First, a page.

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Formula 1

What F1 gains (and loses) as Aston Martin era begins

by Scott Mitchell-Malm
4 min read

A livery reveal is still a couple of months away, but Aston Martin’s Formula 1 comeback “has officially begun”.

News of a new title partner, with IT giant Cognizant joining the team in what sounds like a hugely substantial deal in commercial and practical terms, coincides with the early-January rebranding of the team-formerly-known-as-Racing Point’s social media channels and launch of a new website.

These are just the first steps in a journey that chairman Lawrence Stroll wants to lead all the way to winning world championships. Racing Point’s rebrand is exciting for F1, and now 2021 is here and the team is fully embracing its new identity, that will only kick up a notch.

Aston chiefs, namely Stroll, will survey the start of 2021 with great optimism and satisfaction.

Lawrence Stroll

Force India’s gradual decline and fall into administration put the team at risk, and while there was one more than buyer in the offing it was Stroll’s consortium that worked to ensure everything was solved as quickly as possible.

The salvation of a popular team is significant enough. Giving it the resources to build on its reputation as F1’s best-value operation upped the feel-good factor.

Intrinsically linking it to one of the world’s most famous brands (by virtue of a separate Stroll-led consortium investment), and relaunching it as a ‘works team’? Stroll calls it a “landmark moment” for F1. It’s certainly an enormous story.

As is the fact it coincides with Sebastian Vettel’s much-needed rebirth.

The four-time world champion had a miserable farewell season with Ferrari but almost everybody expects some kind of renaissance away from Maranello. At times Ferrari brought the best out of Seb but by the end he was trapped in a vicious circle.

Last year, Racing Point’s bosses talked enthusiastically about hauling him out of that spiral. Now Vettel says he “can’t wait to start working”, that “there’s so much for me to discover over the next few months,” and he’s “incredibly determined to help make this team even more successful”.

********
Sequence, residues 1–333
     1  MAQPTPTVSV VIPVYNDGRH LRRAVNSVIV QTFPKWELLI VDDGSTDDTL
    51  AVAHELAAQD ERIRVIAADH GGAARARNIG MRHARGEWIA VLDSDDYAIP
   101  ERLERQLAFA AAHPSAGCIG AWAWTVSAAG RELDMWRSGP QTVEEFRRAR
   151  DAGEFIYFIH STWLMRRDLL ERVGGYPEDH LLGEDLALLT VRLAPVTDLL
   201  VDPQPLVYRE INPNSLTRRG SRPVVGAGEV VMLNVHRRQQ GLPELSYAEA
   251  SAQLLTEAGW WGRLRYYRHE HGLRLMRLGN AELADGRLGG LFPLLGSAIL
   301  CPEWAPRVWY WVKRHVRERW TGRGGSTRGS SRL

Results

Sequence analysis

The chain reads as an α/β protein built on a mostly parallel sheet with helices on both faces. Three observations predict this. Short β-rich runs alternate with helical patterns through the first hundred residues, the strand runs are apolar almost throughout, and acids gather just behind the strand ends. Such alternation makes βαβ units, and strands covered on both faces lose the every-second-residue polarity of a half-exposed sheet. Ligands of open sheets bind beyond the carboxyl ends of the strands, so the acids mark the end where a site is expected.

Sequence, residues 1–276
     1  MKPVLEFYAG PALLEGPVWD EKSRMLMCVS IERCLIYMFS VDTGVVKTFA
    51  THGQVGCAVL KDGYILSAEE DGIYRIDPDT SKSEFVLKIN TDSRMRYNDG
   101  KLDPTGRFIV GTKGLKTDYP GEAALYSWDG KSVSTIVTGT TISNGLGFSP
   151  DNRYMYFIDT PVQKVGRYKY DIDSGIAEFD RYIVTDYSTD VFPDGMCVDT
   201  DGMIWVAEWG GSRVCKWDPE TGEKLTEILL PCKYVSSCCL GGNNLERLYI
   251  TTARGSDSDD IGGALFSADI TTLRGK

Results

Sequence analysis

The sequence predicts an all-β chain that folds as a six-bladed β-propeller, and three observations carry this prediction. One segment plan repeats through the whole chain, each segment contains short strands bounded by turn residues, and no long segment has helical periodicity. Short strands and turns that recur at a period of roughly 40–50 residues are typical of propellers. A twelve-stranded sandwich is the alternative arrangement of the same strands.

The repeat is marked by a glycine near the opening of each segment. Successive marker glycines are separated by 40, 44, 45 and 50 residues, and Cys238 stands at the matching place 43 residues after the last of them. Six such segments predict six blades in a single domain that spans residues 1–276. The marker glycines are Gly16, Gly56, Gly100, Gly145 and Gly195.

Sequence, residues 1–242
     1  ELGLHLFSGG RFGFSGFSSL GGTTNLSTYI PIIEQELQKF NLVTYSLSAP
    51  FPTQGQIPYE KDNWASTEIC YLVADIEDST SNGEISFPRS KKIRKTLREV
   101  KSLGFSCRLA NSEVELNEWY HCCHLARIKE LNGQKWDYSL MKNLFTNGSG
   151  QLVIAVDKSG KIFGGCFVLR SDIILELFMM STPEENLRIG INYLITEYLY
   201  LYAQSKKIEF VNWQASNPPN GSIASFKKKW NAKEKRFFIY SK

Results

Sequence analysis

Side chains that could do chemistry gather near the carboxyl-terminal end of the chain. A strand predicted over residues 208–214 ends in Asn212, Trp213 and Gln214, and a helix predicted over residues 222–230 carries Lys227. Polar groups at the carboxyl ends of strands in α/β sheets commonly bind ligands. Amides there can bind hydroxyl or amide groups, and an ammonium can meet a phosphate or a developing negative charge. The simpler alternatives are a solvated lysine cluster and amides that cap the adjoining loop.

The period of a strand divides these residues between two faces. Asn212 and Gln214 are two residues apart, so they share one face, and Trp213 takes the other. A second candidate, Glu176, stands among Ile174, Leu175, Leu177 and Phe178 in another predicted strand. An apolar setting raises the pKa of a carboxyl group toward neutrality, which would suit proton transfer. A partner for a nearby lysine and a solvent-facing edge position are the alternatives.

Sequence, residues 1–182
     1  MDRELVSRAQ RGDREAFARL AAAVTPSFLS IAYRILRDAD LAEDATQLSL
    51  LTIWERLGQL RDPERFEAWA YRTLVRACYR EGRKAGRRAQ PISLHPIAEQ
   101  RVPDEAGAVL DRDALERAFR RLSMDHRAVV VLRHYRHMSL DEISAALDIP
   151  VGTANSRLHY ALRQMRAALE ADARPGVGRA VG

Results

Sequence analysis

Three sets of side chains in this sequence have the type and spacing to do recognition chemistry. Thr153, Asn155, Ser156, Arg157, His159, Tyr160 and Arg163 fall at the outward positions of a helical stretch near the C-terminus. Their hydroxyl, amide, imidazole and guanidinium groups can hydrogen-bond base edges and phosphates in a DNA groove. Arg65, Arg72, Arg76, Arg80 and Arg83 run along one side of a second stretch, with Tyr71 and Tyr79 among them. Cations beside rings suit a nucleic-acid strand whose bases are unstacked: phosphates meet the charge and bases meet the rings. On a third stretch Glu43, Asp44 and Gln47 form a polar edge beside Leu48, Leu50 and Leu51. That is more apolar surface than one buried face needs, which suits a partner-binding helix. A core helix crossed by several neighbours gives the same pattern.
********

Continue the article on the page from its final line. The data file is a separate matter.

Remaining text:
There is no doubt that this iteration of Team Silverstone is its most credible, most professional, most exciting yet. It has retained the personnel that made Force India so efficient and it’s the same organisation that was being strengthened as Racing Point, but with the added gravity and elegance that comes with the Aston brand.

“Everyone knows what Aston Martin stands for, but the Formula 1 team will allow us to take the essence of the brand to new places, building on the strong foundations laid by the previous iterations of the team,” says Stroll.

And in Cognizant, the team has aligned itself with a massively successful company that senior figures are insisting will be more than just sponsorship, more than a branding exercise. Team boss Otmar Szafnauer says the partnership “will add value in all areas of our IT operations and make a valuable contribution to our performance on-track”.

With all that, of course, F1 waves goodbye to a few things as well. For starters, no more garish pink livery that Force India and Racing Point cars donned from 2017 through to 2020.

Sergio Perez Racing Point F1

BWT’s extension/exit has not been confirmed either way and it may be that the company remains onboard, but it will not have pride of place as before if it does. It’s clear that Aston is poised to embrace an identity in its traditional green colours.

Pink F1 cars have seen some things in the last four years, from huge underdog successes to internal team rows to financial crisis to an ownership change, phoenix-like revival and a first win.

Because pink F1 cars became synonymous with THAT team. It was exactly what branding should be in many ways in that it smashed you in the face with instant recognition.

What that pink livery represented was the last visible remnant of what made Force India such a fun and valid addition to the grid.

It was a slightly rough-and-ready operation, an upstart, and an outlier as an underfunded but plucky competitor taking on bigger teams than it had any real right to challenge.

Giancarlo Fisichella Force India F1

That’s all changing. A fresh start is an opportunity to judge this team anew, and the reality is Aston Martin will be (and wants to be) viewed as an elite, well-resourced operation with huge expectations. And also no excuses. It will get away with a lot less, but almost certainly achieve more.

What we’ve seen so far is just a small step, but the journey has now begun. Aston says this is “an icon reborn”. That goes for the team as well as the manufacturer it is representing.

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